An international conference is about to begin in London to help Yemen counter radicalisation and to promote reforms in the country.
David Miliband, the British foreign secretary, said the objective of the conference is to devise a "clear political strategy" to solve Yemen's economic and security problems.
Miliband says he also hopes to figure out ways to support Yemen in its fight against extremist groups.
The conference was called by Gordon Brown, the British prime minister, after al-Qaeda in the Arabian Peninsular, a Yemen-based al-Qaeda offshoot, claimed responsibility for the failed Christmas Day plane bombing over Detroit.
The Christmas Day attempt may have thrust Yemen into the spotlight, but the Yemeni government has a number of challenges on its hands. They are fighting two civil wars and are struggling to rectify the poverty crippling the country, which is the poorest in the Middle East.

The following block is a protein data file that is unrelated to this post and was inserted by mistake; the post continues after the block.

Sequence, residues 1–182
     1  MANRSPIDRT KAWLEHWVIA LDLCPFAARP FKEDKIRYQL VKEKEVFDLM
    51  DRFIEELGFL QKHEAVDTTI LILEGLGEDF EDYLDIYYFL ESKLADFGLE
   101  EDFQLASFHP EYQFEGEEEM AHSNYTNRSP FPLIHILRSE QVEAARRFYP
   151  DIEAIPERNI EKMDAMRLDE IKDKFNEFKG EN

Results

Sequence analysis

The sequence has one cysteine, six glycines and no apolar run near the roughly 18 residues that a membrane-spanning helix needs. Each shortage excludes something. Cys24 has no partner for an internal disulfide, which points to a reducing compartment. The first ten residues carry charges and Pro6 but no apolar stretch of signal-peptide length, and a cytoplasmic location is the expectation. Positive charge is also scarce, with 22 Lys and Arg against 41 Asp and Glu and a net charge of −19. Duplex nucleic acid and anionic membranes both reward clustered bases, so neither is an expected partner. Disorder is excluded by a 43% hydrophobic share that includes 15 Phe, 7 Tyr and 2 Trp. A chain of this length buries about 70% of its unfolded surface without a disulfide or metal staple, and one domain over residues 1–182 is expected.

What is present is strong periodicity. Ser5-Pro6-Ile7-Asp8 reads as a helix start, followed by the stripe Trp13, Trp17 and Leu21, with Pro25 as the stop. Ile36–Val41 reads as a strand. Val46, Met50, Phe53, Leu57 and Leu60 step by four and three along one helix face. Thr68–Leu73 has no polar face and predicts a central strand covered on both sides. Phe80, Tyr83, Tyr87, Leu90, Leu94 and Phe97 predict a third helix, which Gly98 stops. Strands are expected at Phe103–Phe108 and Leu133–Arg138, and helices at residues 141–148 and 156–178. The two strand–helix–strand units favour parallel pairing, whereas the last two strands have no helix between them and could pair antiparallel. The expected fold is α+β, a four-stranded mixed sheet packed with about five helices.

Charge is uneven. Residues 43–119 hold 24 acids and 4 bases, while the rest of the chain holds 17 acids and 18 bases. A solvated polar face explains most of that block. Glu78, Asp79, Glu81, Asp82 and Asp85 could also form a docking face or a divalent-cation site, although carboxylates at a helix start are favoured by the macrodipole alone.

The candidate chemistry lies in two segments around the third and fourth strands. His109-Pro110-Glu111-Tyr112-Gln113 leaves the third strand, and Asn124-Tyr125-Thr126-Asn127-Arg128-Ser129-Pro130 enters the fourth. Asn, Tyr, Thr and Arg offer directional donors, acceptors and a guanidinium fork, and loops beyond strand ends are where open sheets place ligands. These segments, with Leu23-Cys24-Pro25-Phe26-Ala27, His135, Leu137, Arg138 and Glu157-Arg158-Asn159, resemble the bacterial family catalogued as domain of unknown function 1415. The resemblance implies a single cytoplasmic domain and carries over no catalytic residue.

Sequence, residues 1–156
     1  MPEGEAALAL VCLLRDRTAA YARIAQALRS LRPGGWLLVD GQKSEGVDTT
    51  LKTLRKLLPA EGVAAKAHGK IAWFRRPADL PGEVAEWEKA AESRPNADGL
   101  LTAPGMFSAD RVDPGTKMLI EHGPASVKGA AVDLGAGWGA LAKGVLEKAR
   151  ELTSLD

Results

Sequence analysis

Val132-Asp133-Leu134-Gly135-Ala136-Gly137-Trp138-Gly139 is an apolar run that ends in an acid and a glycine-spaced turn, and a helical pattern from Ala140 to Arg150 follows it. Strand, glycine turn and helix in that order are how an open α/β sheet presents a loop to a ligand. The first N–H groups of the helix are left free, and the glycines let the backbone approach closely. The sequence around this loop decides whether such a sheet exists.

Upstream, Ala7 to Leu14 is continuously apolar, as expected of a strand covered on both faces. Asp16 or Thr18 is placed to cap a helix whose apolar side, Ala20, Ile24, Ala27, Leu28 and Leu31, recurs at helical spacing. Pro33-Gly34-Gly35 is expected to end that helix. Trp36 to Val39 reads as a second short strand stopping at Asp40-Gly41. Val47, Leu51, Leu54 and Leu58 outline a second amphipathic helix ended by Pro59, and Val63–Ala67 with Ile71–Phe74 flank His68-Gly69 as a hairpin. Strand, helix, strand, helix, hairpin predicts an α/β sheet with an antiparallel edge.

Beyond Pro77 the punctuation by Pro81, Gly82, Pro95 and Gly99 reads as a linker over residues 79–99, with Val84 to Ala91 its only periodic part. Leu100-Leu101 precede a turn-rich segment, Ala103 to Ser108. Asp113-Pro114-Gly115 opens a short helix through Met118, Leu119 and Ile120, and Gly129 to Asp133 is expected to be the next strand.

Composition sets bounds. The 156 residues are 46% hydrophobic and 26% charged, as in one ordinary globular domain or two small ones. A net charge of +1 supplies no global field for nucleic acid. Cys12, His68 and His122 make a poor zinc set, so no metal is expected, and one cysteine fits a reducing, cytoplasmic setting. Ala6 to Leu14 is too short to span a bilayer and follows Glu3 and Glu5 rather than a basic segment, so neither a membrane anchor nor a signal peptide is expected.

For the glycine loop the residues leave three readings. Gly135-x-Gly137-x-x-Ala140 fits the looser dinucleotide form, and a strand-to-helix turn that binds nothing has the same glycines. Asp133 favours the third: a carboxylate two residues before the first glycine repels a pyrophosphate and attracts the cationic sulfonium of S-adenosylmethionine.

But foreign assistance is problematic. Earlier this month 150 Yemeni clerics signed a statement authorising violent jihad against any military or security intervention from abroad.
Experts also worry that supporting the Yemeni government could be counterproductive.
"One of the difficulties that [the Americans] see in Yemen is, as we see in many places, unrepresentative, corrupt and repressive government," Robert Grenier, the former CIA station chief in Islamabad, told Al Jazeera.
This episode of Inside Story examines whether the Western world can save Yemen from collapsing.
Is Yemen likely to become a second Somalia or Afghanistan? And is the current government part of the problem or the solution?
Inside Story presenter Sohail Rahman is joined by Hussein Shobokshi, a columnist for Asharq Alawsat newspaper; Hakim al-Masmari, the publisher and editor of the Yemen Post; and David Newton, a former US ambassador to Yemen.
This episode of Inside Story aired from Tuesday, January 26, 2010.